Metro reports fewer railcars sidelined by parts problems

WASHINGTON — Metro riders might notice a bit more space on their commutes now that Metro is returning more previously out-of-service cars back to the rails.

Metro Assistant General Manager Andrew Off, who is in charge of the rail system, says the smallest number of cars were out of service on Wednesday awaiting missing parts since September.

Fifty cars were out of service due to parts issues instead of the 80 or so that were typically out of service in November. The extra available cars brings Metro closer to reaching its goal of the 954 railcars needed for minimum daily scheduled service.

“We are getting better, it certainly is a focus,” Off says.

More cars in service means more eight-car trains and fewer scheduled trains that are skipped entirely.

General Manager Paul Wiedefeld says Metro now has a “laser focus” on key issues like railcar maintenance.

“There’s much greater attention on that. There’s some creative thinking, we have some outside help,” he says.

Metro plans to overhaul the doors on hundreds of railcars and work on other fixes for dozens of other cars to reduce how frequently trains are forced out of service.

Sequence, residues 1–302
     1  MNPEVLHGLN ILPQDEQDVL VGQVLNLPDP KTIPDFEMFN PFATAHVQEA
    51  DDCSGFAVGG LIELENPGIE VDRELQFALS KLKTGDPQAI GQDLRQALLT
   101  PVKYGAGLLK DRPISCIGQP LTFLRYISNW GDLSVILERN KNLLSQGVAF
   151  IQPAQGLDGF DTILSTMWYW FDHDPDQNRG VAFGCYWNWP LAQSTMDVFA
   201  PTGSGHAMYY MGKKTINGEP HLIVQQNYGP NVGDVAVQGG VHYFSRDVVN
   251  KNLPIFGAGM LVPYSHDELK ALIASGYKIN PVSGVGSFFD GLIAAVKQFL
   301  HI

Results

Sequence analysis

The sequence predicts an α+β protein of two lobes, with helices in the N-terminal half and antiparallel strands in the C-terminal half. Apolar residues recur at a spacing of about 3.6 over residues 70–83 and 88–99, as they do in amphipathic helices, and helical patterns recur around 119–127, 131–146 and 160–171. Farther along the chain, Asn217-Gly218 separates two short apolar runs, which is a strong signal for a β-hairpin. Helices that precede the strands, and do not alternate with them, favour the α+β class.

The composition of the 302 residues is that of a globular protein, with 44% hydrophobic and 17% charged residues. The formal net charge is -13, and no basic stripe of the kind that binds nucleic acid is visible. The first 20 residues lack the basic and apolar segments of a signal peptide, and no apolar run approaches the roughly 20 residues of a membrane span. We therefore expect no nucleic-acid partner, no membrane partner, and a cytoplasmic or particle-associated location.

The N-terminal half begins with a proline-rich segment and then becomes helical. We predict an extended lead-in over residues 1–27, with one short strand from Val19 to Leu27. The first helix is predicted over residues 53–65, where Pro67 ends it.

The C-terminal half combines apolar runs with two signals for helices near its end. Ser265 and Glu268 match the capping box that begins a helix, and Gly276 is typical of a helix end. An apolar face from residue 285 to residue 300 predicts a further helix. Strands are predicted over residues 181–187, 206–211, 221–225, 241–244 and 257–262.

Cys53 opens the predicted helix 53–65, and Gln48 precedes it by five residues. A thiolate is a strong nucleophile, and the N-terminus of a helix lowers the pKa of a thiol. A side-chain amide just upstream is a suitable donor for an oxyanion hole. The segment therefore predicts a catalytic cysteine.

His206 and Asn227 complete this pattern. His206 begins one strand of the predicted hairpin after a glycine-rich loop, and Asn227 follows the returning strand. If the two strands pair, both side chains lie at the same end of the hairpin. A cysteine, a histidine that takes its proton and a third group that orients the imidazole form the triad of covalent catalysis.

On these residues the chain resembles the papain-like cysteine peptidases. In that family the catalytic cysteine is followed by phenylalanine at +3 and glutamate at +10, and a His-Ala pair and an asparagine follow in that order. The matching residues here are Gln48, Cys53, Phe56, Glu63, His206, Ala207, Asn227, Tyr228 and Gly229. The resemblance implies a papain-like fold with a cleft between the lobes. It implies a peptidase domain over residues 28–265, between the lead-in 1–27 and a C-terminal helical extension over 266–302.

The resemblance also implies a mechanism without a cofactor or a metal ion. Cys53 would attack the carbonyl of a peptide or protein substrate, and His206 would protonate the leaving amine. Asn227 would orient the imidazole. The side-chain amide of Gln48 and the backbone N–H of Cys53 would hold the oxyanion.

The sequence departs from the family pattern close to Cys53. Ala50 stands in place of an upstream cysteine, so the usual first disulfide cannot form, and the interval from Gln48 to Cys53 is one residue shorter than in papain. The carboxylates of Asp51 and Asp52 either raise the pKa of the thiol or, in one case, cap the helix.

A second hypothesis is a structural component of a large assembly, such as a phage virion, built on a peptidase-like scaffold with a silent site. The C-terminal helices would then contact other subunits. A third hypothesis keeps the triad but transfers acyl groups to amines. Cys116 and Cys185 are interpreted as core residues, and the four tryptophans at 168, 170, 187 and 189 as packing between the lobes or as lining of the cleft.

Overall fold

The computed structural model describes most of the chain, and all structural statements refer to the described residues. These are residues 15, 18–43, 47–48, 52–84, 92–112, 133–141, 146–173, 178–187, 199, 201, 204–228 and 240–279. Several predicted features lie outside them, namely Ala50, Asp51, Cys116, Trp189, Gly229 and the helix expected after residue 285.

“I don’t have a switch I can just turn on and get it to go, but we’re definitely moving in that direction,” Wiedefeld says.

Metro also wants to improve training of maintenance staff so that problems are identified earlier and dealt with more thoroughly in the shop. The agency also hopes maintenance will become more efficient.

Off says the short-term improvements are great but Metro still needs to deal with issues with crucial parts for railcars.

“We still need to ensure we’re not shortsighted … there are longer-term systemic procurement issues relative to railcar parts that still exist and still need to be addressed,” he says.

Metro is also receiving more of the new 7000 series railcars, which are expected to eventually make the system more reliable.

Metro is on track to receive 12 more cars from Kawasaki’s plant in Nebraska this month.

Wiedefeld was not able to make a scheduled trip to the Kawasaki plant a few weeks ago. But Off went in his place to emphasize the importance of getting the cars right, so that Metro can roll them out to riders more quickly once they arrive in the D.C. area.

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